Walk: Presidio Pickleball
Distance: 2.5 miles, 2 hours pickle, Yoga stretch
|Claude Monet (1840-1926) , The Magpie, 1868-1869, 3' x 4.3' , o/c, Musee d'Orsay|
Winter has its own rewards, and, for Ciwt, one of them is that it produced the day Claude Monet painted The Magpie. At once universal and highly personal, it is one of her favorite art works. As a solitaire herself, she relates deeply to that single bird, and everyone who has woken to the soft, hushed glow of morning after a snowstorm is brought back to it viewing this work.
The Magpie's restful simplicity belies the physical and creative challenges Monet undertook to create it. Freezing cold for one. Most landscape artists before (and after) him would make sketches outdoors and then return to their studios to paint the final work. But Monet was so obsessed with capturing nature exactly that he painted entirely outdoors, often from predawn to the end of day. The average temperature in Normandy, France, where The Magpie was painted, hovers around freezing. A French journalist happened to see him one day and described the scene: We have only seen him once. It was in the winter, during several days of snow, when communications were virtually at a standstill. It was cold enough to split stones. We noticed a foot-warmer, then an easel, then a man, swathed in three coats, his hands in gloves, his face half-frozen. It was M. Monet, studying a snow effect.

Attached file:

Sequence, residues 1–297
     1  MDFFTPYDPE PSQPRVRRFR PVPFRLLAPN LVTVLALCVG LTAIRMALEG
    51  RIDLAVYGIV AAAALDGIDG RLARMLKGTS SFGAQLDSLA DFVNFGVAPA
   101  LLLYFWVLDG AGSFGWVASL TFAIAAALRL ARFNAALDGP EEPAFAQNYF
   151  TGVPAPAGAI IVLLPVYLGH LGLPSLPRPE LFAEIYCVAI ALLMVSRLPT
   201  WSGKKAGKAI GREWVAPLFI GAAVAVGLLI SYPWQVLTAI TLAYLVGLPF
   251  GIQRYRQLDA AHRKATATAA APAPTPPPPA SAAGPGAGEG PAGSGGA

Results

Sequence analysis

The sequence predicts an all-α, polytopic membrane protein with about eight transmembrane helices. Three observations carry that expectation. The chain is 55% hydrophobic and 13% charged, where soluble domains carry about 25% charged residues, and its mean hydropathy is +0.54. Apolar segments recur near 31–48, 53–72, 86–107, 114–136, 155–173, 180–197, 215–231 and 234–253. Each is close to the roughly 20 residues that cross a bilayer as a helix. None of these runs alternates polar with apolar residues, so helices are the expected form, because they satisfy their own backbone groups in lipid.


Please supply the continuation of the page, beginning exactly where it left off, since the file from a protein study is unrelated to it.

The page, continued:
Monet himself was apparently so caught up in, even exhilarated, by his quest that he once wrote a friend: I painted part of the day today, while it was snowing continually: you would have laughed to see me entirely white, my beard covered with icy stalactites.
So it was a physical feat for Monet to paint his snowscenes, but it is the artistic breakthrough they represented which stunned and still holds the art world's attention. Monet captured snow! This hadn't been done so successfully before him. Snow like the sea (which he is also a master at painting) is elusive. As light plays with it, it is actually many colors; pale, it is also luminous; its shadows are not black but, as Monet realized, the convention-shocking blue of The Magpie. Snow is so challenging that even with his work before their eyes, artists were (and are) hard put to equal Monet's feat. In the late 1870's his friend and famous artist, Edouard Manet, tried to paint a snow scene but gave up exclaiming "No one can do this like Monet!"
In some ways Monet was the sole bird of his painting. Although a smattering his 'renegade' artist friends recognized the novelty and daring of The Magpie, its initial reception is sadly typical of his impoverished twenty year struggle for recognition. The Royal Academy powers that be in Paris and, consequently the French public whose tastes were entirely formed by them, were flabbergasted by the unorthodox 'paleness' of the work and turned it down flat for the 1869 salon.
Now of course Monet is that 'rare bird' who not only achieved grand success in his lifetime and is known as the Father of Impressionism but whose reputation and following continues to grow and whose works - including The Magpie - count among the most beloved in history.